Who is wise and understanding among you? Let him show it by his good life, by deeds done in the humility that comes from wisdom.
There are moments in the Christian life when we see clearly the works of the unkind hand of evil. In recent weeks and months I have dealt with several people who have struggled with the after effects of abuse in their childhood. The early years of our lives are foundation-building and from the vantage points we gain in those tender years we are shaped or misshaped for the rest of our lives. One of the greatest challenges anyone can face is to seek to gain a proper perspective of life in spite of the abuse in the foundational years.
And the abused often become abusers themselves. When there is anger, distrust, pride, lust for power, and a painful childhood, there is very likely to be gossip, slander, divisive speech, and angry confrontations. Jesus said that the blind cannot lead the blind or they will both fall into a ditch, and childhood abuse blinds us. It twists reality around in our heads so that we cannot see life, individuals, relationships and events clearly. Some cower in the face of any perceived threat. Some shout down the opposition in anger. Some do both.
God’s solution for overcoming and for helping others to overcome is through “the humility that comes from wisdom.” It means to put ourselves under the teaching ministry of the Holy Spirit, as He uses His word and God-anointed teachers and a loving community to instruct us. It means that we share our journey with others, that we open ourselves like a book to others – others we can trust – to hear and to share and to journey together. “The wrath of man does not work the righteousness of God” wrote James (1:20), and rarely do we aim correctly when we fire back angrily. We normally hit the innocent ones.
Humility requires trust and when trust is compromised, perhaps virtually destroyed, due to manipulations and abuse of others, we must still come to God in utter humility. Our safety is not in acknowledging the abuse and confronting the abuser alone – important steps that these are. It is in the God-given ability to acknowledge the wrong done to us and to still forgive, to place our lives back under the Lordship of Christ, and to move on.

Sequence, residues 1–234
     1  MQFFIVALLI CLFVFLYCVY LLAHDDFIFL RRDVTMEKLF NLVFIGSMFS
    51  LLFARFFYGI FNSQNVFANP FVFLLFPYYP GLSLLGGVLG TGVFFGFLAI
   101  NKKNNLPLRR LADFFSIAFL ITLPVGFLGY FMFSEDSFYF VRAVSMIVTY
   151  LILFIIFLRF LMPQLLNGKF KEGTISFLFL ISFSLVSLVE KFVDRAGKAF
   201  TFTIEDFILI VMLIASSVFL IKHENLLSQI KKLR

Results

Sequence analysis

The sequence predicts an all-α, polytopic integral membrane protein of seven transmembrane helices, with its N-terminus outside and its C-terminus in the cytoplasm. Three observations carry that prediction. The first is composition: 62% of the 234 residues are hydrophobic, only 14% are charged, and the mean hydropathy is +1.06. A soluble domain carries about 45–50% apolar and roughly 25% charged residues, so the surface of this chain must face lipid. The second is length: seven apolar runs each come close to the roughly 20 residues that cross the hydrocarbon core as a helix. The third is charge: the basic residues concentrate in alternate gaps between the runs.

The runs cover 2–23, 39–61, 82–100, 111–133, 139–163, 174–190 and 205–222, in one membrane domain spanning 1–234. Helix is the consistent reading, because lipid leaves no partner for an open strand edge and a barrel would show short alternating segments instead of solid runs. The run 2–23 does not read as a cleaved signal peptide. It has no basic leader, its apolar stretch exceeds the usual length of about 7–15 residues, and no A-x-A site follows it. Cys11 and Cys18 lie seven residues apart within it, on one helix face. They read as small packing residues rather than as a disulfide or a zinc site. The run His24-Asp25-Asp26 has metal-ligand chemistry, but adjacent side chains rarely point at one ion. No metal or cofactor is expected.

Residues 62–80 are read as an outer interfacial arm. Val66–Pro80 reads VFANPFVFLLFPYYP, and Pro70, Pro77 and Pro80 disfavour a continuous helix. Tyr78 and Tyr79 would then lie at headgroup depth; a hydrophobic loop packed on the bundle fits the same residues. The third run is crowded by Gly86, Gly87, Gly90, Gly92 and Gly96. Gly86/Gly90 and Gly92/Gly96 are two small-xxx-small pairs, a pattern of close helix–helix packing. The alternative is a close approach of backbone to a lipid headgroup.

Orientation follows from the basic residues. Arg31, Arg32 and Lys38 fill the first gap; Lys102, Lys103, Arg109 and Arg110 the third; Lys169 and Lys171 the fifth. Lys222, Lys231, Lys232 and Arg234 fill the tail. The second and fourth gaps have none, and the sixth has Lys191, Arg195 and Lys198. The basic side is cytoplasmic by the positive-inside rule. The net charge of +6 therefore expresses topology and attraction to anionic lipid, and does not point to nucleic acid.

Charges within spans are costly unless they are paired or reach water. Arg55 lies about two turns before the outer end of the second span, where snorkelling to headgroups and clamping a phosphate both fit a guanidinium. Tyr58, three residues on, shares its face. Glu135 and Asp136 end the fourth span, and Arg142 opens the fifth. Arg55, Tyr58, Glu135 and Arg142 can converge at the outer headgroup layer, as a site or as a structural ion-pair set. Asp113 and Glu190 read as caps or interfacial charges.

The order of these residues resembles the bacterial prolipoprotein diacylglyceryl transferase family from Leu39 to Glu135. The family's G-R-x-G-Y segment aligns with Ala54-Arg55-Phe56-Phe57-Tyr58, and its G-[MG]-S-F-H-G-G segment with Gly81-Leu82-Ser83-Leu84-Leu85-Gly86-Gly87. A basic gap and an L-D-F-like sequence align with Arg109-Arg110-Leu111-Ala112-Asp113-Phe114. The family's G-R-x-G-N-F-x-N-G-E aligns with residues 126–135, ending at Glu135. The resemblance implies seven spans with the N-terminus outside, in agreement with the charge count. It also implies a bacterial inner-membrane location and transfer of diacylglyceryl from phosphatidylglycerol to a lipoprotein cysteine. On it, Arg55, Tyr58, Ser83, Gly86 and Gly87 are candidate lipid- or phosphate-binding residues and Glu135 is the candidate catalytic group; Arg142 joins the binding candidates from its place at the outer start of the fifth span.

A sad observation of human life is that the abused is more likely to take the event with him through his life than the abuser is. Regardless of how bad the abuse might have been, un-forgiveness on our part will do us even worse damage. The one who was abused and does not forgive the abuser helps him (or her) to do even more harm.
Unless we let God heal our hurts, then we will take these with us through the rest of our lives. And if we do not do the same precise act to others, we will still harm them in some way – perhaps by misdirected anger, over protection, suspicion and slander, punishing words, or worse. The only real cure that I know of is to take these thoughts of our hearts to the Lord in prayer, to seek the counsel of His word, and to share these pains and hurts with trusted other believers.
But this is the hope of faith, that God does heal hearts, that He can make the rough person gentle, the hard person tender, and the wounded person whole.